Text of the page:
Business Coaching Vs One-On-One Business Coaching

Many organizations regularly turn to professional business coaches to improve all areas of their business. From mentoring employees to defining goals to implementing growth strategies, coaches are often seen as extensions of the executive management team.

While coaching in business can take many forms, there are two basic types: group business coaching and one-on-one coaching. Both types of coaching are effective and cater to the specific needs of a company-whether it’s in a period of growth or crisis. Group coaching and one-on-one coaching each has its unique benefits so you will need to assess your goals to decide which type will make the largest impact.

Let’s take a closer look at the difference between group coaching and one-on-one coaching:

Group Business Coaching:
A group coaching environment involves training towards a collective goal. The focus is placed on the common needs, challenges, and goals of the group rather than concentrating on an individual. Group business coaching sessions often result in employees developing a group synergy and camaraderie where everyone shares their opinions and learns about the experiences of other team members. These sessions can bring to light the strengths and weaknesses of individuals and entire teams which, once identified, can be effectively addressed and corrected. Group coaching builds trust, support, and relationships that result in team cohesiveness and improved productivity.

One-on-One Coaching:
As the name suggests, one-on-one coaching focuses on the individual. Whether it’s improving job skills or enhancing leadership abilities, one-on-one coaching seeks to stimulate growth in many areas and often results in facilitating a transformation from both a business and personal perspective. In fact, many business owners and employees of larger organizations are often surprised to find that their coaching sought for business actually has an important impact on the way they conduct themselves in their personal lives.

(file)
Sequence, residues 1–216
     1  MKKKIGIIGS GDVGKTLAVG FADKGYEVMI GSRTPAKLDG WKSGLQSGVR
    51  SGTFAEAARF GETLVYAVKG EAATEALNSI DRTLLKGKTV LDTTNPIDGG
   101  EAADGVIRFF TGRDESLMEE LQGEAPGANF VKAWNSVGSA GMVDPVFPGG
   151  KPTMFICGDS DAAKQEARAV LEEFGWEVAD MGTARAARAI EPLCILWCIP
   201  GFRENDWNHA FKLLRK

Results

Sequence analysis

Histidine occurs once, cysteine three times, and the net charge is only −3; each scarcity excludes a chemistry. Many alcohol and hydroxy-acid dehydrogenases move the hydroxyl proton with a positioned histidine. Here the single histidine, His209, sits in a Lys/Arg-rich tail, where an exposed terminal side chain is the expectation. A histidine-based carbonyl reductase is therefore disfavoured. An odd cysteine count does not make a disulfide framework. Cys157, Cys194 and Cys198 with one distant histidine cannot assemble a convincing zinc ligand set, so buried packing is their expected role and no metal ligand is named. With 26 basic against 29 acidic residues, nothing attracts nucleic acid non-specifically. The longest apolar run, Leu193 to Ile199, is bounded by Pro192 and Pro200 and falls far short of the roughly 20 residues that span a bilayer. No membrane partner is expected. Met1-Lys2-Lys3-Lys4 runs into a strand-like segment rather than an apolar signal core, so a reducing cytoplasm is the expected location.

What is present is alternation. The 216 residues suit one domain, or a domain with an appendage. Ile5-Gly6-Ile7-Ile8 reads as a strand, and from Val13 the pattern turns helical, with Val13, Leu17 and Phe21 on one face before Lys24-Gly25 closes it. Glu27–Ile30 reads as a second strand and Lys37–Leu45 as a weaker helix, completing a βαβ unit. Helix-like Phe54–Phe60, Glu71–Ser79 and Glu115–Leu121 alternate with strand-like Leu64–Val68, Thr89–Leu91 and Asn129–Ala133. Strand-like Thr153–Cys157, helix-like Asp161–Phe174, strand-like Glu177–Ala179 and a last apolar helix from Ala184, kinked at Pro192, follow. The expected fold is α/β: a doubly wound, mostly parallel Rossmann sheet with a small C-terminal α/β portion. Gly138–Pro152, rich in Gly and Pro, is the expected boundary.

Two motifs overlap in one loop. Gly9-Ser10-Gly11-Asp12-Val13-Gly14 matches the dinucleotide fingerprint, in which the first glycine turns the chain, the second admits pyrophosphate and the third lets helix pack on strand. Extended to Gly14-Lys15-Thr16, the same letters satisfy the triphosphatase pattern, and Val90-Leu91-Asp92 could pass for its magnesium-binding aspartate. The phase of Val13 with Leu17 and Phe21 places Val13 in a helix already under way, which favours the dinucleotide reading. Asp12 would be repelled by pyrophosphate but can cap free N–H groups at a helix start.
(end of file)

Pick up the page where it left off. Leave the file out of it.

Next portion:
One-on-one coaching also has the benefit of being more flexible than group business coaching in that the individual defines the topics to discuss and there is generally no agenda other than to focus on the goals of the individual. Due to group dynamics, group coaching sessions tend to focus on a specific subject that needs to be addressed by all team members to achieve company goals in the most efficient manner.

Hiring a Coach:
Even if you’re responsible for a team of employees, if you’re new to coaching you may want to start with one-on-one coaching sessions at least once a week. This will give you the experience of working with a coach and understanding how he or she can not only benefit your individual and business issues, but also the unique challenges of your team as well.

Remember that an effective coach, whether through group business coaching or one-on-one coaching, can take you out of your comfort zone, expand your ideas of what is possible in both your professional and personal lives, and ultimately facilitate the growth to achieve your specific objectives.